My parents were an integral role to my start in glass, as they gifted me beginners glassblowing lessons for my birthday in 2014--for which I am forever grateful.
I began my glassblowing journey in 2014 at a private studio in Warrenton, Virginia. Tom Veirs, my mentor, and I established a work-exchange which allowed me to run the gallery in exchange for studio-time. I quickly fell in love with the immediate gratification of working with glass.In 2015 I moved to Asheville, North Carolina where I began honing my skills under the guidance of my best friend and partner, Michael Krupiarz. Since living in Asheville I have been focusing on making hanging planters which meshes my love of glass and a slight succulent addiction. Recently, I began an exploration in sculpting flowers. My goal is to merge these sculpted flowers with blown vessels.
The colors I choose to work with are those that hold meaning to me. The majority of pieces I make are intended to be functional, either housing baubles or plant buddies. In regards to the sculpted flowers I am hoping to develop stronger sculpting skills, and I hope that this will help me to explore a path of glass sculpture.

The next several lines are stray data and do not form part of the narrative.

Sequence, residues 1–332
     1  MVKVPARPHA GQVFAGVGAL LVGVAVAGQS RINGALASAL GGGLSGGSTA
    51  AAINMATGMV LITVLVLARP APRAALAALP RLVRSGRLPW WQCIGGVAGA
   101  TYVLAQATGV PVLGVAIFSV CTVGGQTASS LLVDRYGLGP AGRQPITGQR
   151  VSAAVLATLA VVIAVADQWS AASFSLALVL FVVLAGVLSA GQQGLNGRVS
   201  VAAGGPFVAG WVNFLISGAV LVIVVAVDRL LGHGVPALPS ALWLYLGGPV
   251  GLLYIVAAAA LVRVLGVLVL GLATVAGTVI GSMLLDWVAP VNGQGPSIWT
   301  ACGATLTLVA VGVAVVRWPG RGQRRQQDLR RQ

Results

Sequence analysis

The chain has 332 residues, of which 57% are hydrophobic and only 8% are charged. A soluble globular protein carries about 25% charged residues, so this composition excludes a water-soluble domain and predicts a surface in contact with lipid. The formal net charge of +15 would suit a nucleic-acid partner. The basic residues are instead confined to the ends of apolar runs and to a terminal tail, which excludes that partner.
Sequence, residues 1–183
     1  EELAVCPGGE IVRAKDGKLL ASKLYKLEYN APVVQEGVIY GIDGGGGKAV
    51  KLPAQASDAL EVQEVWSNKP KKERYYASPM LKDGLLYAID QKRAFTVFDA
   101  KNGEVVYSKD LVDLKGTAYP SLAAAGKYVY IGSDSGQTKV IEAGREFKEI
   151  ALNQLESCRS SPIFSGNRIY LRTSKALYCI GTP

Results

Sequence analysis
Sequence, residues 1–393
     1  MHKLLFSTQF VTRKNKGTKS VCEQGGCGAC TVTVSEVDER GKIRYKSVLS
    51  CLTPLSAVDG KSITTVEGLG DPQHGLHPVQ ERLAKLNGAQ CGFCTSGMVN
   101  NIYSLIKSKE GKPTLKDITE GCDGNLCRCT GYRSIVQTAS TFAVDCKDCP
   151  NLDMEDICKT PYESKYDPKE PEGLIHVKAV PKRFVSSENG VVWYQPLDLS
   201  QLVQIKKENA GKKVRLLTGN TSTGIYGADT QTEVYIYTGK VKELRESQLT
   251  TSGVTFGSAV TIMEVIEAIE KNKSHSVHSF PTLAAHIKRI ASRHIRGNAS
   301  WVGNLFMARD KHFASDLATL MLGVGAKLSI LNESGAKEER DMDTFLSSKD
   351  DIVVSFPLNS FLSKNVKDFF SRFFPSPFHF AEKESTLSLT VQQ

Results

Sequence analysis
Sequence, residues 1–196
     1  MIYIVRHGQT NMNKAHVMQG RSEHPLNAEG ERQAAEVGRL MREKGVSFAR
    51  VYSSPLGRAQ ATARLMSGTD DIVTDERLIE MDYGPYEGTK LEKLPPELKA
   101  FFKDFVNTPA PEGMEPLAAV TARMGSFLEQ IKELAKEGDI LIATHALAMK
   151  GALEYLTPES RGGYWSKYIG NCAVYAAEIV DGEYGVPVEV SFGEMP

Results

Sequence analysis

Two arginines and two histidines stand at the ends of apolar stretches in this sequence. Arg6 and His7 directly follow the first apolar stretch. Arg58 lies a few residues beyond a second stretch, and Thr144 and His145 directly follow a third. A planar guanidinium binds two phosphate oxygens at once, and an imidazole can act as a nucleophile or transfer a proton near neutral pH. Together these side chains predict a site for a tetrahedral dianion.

Vessels are hand blown and usually reflect that on their butts (bottoms). The process of creating a glass vessel requires the gaffer (glass blower) to transfer the piece from a bubble on the blowing iron (hollow metal rod) to a punty (solid metal rod). When the piece is transferred, the gaffer is inverting the axis and creating a small pontil mark, or a scar, on the base of the piece. Therefore, my pieces will have a scar on its butt, showing that it is indeed handmade but with out a doubt made with love.XXNicoleEdit Favorite shop (12)